This week we have seen the market/s fall by approximately 10%, the worst weekly fall in the markets since the Global Final Crisis (GFC) on the back of fears about the coronavirus and its potential impact on the world.
So, the question that I have been pondering, is this the beginning of the end?
Now, of course I am not bold enough nor do I profess to have the knowledge to predict that this episode on the market is the beginning of the end and unfortunately I don’t have that crystal ball we would all desperately love, which tells us what happens next.
However, it is hard not to be swept up by the hysteria in the news. Subsequently it is easy to start to believe that the worst is about to happen however statistically speaking it rarely does. Leigh Sales book, Any Ordinary Day really opened my eyes to human emotion in negative circumstances, in fact in Leigh’s book she anecdotally suggests that our brains are wired in such a fashion to fear the worst possible outcome and in fact we relish in this fear and negativity.
Naturally, no one wants to live in a world of fear however if you take a moment to self-reflect, I am confident most of us will find that our emotions are greater in negative situations as compared to positive situations. The reason I share this with you is that in times like now, investing can test the resolve of the very best and it is therefore understandable why some people will fear the worst.
Therefore, in the absence of holding ta crystal ball, how do you deal with market volatility and hysteria?
For mine, the answer is easy, check in your investment goals and consider the market movement in the context of what you are trying to achieve. For example, if you are a retiree, and your major objective is to generate a consistent income stream from your portfolio, the question to ponder is, have you planned for a market correction in your retirement income stream strategy? As compared to, is this the end of the world?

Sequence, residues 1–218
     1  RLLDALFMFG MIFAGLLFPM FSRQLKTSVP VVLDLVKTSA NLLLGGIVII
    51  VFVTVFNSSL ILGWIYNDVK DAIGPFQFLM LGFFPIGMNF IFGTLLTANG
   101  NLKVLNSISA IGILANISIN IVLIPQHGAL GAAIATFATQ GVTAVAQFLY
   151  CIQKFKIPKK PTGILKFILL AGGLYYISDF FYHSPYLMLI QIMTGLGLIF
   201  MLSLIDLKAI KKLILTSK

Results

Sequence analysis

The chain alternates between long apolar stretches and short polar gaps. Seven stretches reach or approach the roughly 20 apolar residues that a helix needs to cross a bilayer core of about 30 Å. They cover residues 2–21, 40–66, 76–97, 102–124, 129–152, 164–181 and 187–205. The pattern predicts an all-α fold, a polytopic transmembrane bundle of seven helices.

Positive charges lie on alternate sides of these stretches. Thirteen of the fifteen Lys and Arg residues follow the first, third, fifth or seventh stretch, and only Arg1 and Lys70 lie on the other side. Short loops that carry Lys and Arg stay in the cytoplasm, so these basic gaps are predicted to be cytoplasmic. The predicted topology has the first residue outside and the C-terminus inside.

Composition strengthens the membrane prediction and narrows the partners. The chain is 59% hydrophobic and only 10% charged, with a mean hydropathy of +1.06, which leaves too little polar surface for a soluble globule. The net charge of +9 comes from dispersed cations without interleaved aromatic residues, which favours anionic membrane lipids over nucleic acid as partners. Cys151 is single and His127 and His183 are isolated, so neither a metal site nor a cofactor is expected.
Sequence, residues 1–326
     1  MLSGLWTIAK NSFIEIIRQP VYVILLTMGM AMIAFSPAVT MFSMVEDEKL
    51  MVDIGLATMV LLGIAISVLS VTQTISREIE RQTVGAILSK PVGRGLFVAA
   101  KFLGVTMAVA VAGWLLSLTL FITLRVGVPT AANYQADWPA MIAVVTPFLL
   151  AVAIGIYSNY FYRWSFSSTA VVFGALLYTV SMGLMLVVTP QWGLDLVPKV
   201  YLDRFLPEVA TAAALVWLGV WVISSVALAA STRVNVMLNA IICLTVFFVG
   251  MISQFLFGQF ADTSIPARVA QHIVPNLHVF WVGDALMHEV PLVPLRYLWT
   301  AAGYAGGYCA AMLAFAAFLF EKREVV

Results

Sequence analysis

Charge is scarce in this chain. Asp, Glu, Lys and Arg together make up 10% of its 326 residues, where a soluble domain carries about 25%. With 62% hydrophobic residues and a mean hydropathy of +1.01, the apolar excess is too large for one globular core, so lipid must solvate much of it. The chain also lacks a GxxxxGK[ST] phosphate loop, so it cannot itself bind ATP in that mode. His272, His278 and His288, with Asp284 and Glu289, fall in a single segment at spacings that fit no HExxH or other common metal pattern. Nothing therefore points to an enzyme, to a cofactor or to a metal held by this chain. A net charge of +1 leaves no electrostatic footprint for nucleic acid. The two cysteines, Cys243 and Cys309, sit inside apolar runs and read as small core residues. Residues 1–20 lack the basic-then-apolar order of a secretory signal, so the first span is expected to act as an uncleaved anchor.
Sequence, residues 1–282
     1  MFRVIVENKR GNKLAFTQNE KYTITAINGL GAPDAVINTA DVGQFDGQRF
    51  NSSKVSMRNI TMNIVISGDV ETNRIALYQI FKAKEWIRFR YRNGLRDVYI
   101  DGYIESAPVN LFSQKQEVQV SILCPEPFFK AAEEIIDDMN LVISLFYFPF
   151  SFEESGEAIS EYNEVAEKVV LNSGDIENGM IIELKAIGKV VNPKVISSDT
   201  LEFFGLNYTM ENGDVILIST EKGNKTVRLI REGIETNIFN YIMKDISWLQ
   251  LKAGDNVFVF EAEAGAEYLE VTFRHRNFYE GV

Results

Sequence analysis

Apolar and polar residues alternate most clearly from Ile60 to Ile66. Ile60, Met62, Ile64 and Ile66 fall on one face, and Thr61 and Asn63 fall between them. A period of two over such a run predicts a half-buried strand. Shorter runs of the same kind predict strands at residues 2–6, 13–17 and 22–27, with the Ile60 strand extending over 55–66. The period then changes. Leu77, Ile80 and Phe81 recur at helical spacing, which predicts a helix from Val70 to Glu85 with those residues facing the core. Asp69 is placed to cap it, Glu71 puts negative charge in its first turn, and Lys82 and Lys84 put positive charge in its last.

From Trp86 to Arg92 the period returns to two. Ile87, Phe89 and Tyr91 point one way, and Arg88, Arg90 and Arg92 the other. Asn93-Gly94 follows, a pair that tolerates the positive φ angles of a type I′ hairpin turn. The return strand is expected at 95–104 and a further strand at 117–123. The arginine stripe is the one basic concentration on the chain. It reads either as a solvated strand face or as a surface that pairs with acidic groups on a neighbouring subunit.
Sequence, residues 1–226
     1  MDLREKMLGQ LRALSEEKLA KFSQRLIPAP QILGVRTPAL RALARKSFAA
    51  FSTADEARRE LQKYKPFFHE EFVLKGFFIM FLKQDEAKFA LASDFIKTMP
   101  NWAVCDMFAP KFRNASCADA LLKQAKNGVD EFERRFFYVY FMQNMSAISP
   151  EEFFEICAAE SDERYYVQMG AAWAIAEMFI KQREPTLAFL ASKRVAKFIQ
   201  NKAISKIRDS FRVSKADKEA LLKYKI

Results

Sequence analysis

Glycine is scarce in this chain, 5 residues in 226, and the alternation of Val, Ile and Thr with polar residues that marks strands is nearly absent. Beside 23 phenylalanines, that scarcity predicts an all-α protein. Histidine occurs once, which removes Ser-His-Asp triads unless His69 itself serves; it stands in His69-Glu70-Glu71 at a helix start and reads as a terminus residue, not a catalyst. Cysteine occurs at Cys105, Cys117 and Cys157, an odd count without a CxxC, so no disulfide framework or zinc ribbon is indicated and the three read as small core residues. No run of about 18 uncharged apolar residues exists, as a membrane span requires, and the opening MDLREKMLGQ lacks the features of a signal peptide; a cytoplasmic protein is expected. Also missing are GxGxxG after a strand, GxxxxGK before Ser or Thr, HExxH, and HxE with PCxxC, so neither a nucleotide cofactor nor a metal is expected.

To provide some statistics about how markets have historically dealt with disease outbreaks:
What the above shows is that historically an outbreak of a virus has caused a market shock or correction however the returns following have typically been reasonably strong. Whilst I am the first to note that history is not a guide of the future and that every incident is different, particularly noting that we have a situation today where the borders are closed to China, it is an interesting study of history.
In addition, this correction is the 26th time the market has fallen by more than 5% since the GFC in 2009, that is over 2 times per year on average! And each time the market falls, the hype and fear of the next big crash comes out.
Therefore, how do I suggest you deal with the market volatility this time around?
Re-assess investment goals
As outlined above, now is a good time to re-asses what your investment goals are. Importantly, you should always consider whether your objectives can be and have been achieved historically with your current strategy. In addition, exploring whether any other alternative strategies are likely to allow you to achieve those objectives.
Develop a contingency plan
If you haven’t already done so, please develop a contingency plan. For example, planning for a market crash can reduce the chance of an unexpected outcome in the event of a market correction. In fact, I think one thing that is certain with in investing is a market crash, as such, planning for this is so critically important for your peace of mind.
Most people who spend any time in our office will appreciate the fact that we spend a lot of time and effort planning for and preparing for a market correction. This I feel is one, if not the most important, component of long-term investing.
Hold your nerve and don’t watch too much news!
Holding your nerve should be a little easier if you plan for volatility however naturally we all feel terrible when the market does correct, let’s face it, we wouldn’t be human if we didn’t. That said, it is rarely a good time to sell an asset when the market is correcting so holding your nerve and avoiding the hysteria definitely helps and gives you a greater chance of long-term investment success.
In conclusion, it is completely understandable to feel anxious and worried in times like now, in fact it is perfectly normal. That said, I would encourage you to remain vigilant and aware of the market movements and keep a close eye on your investment strategy. Importantly, if you can hold on and ride out the storm investors are typically rewarded for your doing so. Above all else, if you remain concerned please seek professional advice to try and help you make sensible financial decisions.